This shaobing is a sort of bread/pastry that has a crisp exterior covered with sesame seeds and a layered interior that provides some bite. While the shaobing has quite a large variation of styles depending on the region and whether it's sweet or savory, if you're eating a shaobing, you're most likely having a pleasant experience that you'd describe with words like crunchy, crispy, flaky, aromatic (from the toasted sesame), and chewy.
The best way to understand the importance of shaobing to the Taiwanese breakfast is perhaps by comparison to a classic American diner. While at the American diner, you would expect to find eggs, toast, bacon, hash brown, sausage, and pancakes, when you go to a classic Taiwanese breakfast vendor, you'd find a mix and match combination of shaobing, scallion omelette, youtiao (Chinese fried dough/stick), danbing, soymilk, etc.
The recipe I'll be sharing with you today is a classic savory version that's typically used for sandwiching youtiao and eggs, but you can use it like you would a pita bread or tortilla and put veggies, meat or whatever you like in it.
After much research, tweaking, and testing, I've finally developed this recipe of shaobing that I think most resembles what you would find if you fly to Taiwan today and visit a local breakfast vendor (except this recipe is likely even better!).
This version, I believe, is also tasty enough to snack on by itself. Certainly my family thinks so, since we finished most of our shaobing before I even got around to trying to put something into them!
If you like this recipe, make sure you also try my
Chinese Sesame Flatbread (Shaobing)
- 200 g all purpose flour plus more for dusting, 1 ⅔ cup
- ½ tsp sea salt
- 1 tbsp sugar
- 50 g hot water (around 195°F, 90°C), ¼ cup
- ¼ tsp instant yeast
- 70 g cold water, ⅓ cup
- 1 tbsp vegetable oil plus more for greasing
- 35 g vegetable oil, 2 ½tbsp
- 50 g cake flour, ⅓ cup
- 4 tbsp toasted white sesame seeds
- 1-2 tsp black sesame seeds, optional
Making the dough
- Mix flour, salt and sugar together in a mixing bowl before adding in hot water. Stir and mix with chopsticks/fork until it becomes lumpy.
- Add yeast, cold water and oil; stir with chopsticks/fork until the liquid is all absorbed by the flour, and then knead until a dough is form. The dough will be very sticky, so just knead until you're able to form a rough ball. Grease the dough with oil and cover with plastic wrap before allowing it to rest for 20 - 30 minutes so that it'd be easier to roll out later.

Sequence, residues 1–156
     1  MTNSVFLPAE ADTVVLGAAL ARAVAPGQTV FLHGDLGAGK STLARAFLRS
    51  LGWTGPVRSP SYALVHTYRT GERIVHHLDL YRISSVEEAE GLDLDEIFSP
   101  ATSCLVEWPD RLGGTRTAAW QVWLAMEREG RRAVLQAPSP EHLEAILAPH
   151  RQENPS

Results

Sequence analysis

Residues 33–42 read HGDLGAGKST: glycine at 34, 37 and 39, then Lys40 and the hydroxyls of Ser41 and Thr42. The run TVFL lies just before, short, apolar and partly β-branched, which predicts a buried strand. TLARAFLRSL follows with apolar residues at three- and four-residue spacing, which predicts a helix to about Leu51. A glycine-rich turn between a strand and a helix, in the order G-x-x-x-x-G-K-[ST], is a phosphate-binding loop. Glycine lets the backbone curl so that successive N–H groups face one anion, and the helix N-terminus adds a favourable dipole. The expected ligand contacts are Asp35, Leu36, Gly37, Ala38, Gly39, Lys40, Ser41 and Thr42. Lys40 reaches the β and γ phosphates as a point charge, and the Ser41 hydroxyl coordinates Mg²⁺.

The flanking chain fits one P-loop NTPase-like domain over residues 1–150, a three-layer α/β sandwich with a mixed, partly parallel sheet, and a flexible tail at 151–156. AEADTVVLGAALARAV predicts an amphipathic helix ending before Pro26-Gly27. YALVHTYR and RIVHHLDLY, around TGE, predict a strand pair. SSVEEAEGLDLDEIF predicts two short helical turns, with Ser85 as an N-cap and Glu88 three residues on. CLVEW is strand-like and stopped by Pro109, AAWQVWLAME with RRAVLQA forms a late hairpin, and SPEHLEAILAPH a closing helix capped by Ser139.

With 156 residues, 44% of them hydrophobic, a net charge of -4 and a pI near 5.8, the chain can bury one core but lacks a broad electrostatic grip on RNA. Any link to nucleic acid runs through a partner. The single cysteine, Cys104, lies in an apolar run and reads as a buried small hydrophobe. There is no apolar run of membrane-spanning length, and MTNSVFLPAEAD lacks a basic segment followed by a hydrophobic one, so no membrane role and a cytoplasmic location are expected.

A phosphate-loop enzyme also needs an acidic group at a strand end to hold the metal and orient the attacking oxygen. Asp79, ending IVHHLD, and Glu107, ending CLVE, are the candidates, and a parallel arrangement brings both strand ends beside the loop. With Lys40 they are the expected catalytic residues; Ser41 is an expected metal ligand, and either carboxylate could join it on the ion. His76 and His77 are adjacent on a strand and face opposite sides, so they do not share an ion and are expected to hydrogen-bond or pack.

Making the oil paste
- Meanwhile, heat the oil in a small pan on medium heat until it's hot. Add in the cake flour and stir until smooth. Continue to cook and stir until it darkens a bit and becomes aromatic. Pour the paste in a bowl and let it cool down.
- Preheat the oven to 425°F (220°C)
Forming the bread
- Dust the working surface with a thin layer of flour, roll the dough out to an approximately 10" x 16" rectangle.
- Spread the oil paste by spatula or by hand on the dough, leaving ½ inch on the top.
- Roll the dough from the bottom all the way up, pinching the seam at the end to close.
- Cut the roll into 6 even pieces and gently press each piece down to flatten a bit and bring the two "cut" sides to the middle and pinch them together (it's ok if they don't stay together perfectly).
- Gently roll each piece out to an oval shape and then fold the top third of the dough down and the bottom third up. After finishing all six pieces, repeat this step again for each piece. Always fold the side with oil paste in so that we'd end up with a smooth surface. Cover and let rest for 10 minutes.
- Put sesame seeds in a small plate and lightly press the smooth side of each piece of dough into the plate of sesame seeds.
- Roll each piece out to about a 3" x 6" rectangle. Place the pieces on a lined baking sheet and bake for 12 minutes or until the top is golden brown.
- If you are storing these for later, simply toast them in a toaster oven for 3 -5 minutes and they will be just as good as when they're fresh.
- If you want to stuff things inside, simply cut the side with a pair of scissors and open it like a book.